Regions With Highest Population Growth: We are now going to give our ranked list of regions with highest population growth expectation at the top and lowest at the bottom:

• London
• SE England
• Southern England
• East Anglia
• South-West England
• East Midlands
• NW England
• West Midland
• Scotland
• Wales
• North-East England
• Northern Ireland

 

 

London is a clear winner – it’s the economic powerhouse of the UK, has the largest growing wealthy, educated, motivated, immigrant population – and family sizes are larger than average. The London population has risen 800,000 in the last 8 years and will increase another 800,000 in the next 8 years. In fact, no-one really knows how many people now live in London. Lots of people come in and out without being properly logged. Any doubter only has to look at how many people use the tube these days compared to 15 years ago – they are jam packed despite more trains, even in a so called recession.

London has the following positive attributes:

Let’s take a closer look at London now. The best places will be where the highly educated people with good jobs are moving in and will eventually start families – earning high wages. These regenerating areas will see house prices rise the strongest along with rental prices.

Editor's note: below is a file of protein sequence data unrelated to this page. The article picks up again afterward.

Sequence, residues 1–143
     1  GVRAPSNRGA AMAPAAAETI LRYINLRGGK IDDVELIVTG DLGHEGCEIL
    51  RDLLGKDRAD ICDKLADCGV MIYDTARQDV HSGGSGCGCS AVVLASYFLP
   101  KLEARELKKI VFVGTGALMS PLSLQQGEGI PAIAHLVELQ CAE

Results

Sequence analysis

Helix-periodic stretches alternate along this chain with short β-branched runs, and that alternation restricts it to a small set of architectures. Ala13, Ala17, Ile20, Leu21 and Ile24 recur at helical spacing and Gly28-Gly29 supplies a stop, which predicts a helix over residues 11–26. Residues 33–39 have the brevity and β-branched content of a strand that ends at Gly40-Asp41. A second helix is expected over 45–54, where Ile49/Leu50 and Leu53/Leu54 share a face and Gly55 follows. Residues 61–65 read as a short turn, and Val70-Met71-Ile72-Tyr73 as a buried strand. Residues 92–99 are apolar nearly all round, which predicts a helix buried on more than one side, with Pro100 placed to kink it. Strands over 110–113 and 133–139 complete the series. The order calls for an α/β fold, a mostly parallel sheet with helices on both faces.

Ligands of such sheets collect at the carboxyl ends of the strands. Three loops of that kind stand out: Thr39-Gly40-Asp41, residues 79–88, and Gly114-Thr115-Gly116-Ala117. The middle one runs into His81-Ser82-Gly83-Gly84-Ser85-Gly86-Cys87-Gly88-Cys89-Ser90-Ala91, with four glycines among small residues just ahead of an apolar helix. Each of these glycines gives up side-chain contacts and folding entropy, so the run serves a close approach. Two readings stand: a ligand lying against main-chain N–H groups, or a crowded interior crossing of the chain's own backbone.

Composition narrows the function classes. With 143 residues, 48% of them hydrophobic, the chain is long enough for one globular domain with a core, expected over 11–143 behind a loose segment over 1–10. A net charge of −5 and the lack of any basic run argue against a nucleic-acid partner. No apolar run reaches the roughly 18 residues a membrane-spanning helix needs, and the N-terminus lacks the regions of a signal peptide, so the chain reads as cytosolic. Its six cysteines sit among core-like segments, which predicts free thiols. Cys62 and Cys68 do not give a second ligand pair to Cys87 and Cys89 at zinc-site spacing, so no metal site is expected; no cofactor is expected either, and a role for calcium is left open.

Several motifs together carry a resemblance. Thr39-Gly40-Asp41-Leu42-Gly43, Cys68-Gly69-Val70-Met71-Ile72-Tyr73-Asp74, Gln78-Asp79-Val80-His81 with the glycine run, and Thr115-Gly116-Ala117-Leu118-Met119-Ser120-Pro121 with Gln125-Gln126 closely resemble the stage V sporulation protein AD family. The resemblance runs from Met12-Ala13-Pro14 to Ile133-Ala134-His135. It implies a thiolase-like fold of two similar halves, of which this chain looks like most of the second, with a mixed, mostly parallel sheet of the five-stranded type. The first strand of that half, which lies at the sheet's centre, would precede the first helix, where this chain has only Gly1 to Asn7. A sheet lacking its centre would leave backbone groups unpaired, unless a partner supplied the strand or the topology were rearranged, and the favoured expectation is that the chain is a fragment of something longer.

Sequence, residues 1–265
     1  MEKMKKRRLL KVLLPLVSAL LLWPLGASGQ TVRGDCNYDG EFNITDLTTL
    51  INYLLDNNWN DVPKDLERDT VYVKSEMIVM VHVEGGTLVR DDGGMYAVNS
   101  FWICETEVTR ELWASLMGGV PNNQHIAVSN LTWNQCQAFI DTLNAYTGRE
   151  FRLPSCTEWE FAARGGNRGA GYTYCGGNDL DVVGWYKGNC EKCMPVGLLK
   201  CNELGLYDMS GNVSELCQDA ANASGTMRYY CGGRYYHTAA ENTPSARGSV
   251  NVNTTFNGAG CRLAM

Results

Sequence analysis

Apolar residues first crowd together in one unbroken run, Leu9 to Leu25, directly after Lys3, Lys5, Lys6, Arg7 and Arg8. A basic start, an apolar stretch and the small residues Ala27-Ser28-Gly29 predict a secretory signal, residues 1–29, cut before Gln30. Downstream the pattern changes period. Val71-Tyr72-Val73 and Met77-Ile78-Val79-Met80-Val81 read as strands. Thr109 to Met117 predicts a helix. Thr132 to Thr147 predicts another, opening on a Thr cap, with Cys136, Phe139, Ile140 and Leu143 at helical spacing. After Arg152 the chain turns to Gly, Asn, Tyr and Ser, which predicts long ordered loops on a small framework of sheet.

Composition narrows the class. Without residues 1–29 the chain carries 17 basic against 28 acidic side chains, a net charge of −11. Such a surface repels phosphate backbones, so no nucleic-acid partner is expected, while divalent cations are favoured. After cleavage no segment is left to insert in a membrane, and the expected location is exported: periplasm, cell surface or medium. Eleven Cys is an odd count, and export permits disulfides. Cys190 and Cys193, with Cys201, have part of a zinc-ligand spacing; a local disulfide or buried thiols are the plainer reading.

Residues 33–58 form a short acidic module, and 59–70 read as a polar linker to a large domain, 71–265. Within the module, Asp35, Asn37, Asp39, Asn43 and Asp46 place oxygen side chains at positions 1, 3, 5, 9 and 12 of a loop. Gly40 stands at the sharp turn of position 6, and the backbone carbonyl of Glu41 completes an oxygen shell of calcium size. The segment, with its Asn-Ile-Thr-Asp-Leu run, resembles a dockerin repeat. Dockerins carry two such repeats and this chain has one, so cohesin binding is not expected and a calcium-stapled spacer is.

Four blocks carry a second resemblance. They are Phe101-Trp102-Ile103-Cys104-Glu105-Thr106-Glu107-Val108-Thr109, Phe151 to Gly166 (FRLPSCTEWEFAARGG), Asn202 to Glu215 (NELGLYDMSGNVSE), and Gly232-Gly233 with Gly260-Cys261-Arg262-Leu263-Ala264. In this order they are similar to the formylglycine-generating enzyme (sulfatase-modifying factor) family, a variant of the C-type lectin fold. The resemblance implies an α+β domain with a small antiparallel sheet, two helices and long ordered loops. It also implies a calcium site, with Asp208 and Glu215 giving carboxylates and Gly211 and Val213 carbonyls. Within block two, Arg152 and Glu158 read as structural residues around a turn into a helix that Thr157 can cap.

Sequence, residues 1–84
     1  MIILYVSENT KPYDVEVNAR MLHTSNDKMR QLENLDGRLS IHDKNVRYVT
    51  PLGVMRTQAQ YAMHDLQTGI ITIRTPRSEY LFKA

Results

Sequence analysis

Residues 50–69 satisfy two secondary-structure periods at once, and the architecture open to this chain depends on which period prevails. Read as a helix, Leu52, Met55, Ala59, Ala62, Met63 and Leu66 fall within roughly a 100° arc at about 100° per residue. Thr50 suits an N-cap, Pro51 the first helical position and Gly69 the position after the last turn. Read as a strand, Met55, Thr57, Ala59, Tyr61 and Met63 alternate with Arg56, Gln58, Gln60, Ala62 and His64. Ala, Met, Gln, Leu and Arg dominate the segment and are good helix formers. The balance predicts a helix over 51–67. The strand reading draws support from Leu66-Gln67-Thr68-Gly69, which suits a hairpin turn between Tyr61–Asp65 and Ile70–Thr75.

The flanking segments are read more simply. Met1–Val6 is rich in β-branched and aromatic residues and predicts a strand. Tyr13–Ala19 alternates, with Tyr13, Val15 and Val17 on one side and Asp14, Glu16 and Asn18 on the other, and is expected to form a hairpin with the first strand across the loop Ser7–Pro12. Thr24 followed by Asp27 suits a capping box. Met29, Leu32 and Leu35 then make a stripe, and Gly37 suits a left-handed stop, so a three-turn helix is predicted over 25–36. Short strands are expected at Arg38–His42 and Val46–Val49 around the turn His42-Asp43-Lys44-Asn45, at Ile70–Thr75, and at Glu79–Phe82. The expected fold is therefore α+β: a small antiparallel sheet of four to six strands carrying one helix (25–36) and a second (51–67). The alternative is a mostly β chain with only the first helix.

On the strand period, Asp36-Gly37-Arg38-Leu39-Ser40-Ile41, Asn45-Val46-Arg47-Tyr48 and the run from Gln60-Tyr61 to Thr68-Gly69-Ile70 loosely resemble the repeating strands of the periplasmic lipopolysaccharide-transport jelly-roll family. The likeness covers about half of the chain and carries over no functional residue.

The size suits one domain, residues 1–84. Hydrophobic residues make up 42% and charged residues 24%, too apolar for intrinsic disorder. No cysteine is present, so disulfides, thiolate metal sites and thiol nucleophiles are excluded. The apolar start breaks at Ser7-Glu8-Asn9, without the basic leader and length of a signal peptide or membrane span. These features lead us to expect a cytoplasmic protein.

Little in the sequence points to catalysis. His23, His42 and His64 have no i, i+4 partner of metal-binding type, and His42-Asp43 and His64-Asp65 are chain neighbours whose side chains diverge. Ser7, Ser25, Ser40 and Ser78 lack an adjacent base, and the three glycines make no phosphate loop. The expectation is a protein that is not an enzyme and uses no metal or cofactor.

• One of the best areas must be South Hackney – the place is transforming rapidly – a spill over from Islington, The City/Clerkenwell.
• Another good place to invest is Shoreditch – or “Tech City” near Old Street as some people call it – this area has the biggest percentage of new start-up businesses in the UK as a proportion
al to its economy. Yes, these are well educated scientists, internet and arts-media people clustering around this trendy hub – and you know what that’s going to do to house prices! Into this mix you can add Whitechapel.
• Borough near London Bridge has been coming up for years – but with the Shard, and proximity to the city – this increasingly trendy area is booming